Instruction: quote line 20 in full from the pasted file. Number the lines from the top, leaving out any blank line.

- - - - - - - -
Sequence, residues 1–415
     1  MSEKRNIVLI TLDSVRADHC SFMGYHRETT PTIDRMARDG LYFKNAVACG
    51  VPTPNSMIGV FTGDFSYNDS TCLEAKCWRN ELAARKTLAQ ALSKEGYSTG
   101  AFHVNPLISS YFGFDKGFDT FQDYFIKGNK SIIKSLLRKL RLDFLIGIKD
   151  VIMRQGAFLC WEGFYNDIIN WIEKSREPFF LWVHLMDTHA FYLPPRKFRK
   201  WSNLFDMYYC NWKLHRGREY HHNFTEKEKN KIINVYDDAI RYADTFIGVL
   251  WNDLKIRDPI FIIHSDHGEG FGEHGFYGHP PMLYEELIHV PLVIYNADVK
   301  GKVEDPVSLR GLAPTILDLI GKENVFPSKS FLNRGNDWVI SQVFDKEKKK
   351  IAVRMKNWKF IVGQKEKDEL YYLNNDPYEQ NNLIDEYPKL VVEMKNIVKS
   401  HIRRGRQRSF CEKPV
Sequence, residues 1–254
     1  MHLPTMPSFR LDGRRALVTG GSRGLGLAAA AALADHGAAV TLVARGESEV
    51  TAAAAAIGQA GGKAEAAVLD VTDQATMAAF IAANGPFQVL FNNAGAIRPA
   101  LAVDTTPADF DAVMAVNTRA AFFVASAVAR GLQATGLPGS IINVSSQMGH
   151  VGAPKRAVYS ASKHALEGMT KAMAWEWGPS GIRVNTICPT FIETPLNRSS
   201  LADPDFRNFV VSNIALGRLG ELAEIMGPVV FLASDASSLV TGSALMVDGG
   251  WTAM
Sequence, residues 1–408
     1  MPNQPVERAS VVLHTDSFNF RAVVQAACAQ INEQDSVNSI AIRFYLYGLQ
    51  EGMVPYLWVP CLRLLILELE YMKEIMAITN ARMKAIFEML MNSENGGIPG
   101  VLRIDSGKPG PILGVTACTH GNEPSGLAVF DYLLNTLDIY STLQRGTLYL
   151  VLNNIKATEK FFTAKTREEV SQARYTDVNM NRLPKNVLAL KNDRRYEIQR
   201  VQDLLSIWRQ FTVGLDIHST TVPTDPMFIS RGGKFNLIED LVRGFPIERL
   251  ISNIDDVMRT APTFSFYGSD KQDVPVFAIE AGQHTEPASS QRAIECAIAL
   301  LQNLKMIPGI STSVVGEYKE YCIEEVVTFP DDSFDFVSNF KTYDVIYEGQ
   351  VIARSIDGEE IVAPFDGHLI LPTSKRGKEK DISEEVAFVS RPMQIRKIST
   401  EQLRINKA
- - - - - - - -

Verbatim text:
    51  EGMVPYLWVP CLRLLILELE YMKEIMAITN ARMKAIFEML MNSENGGIPG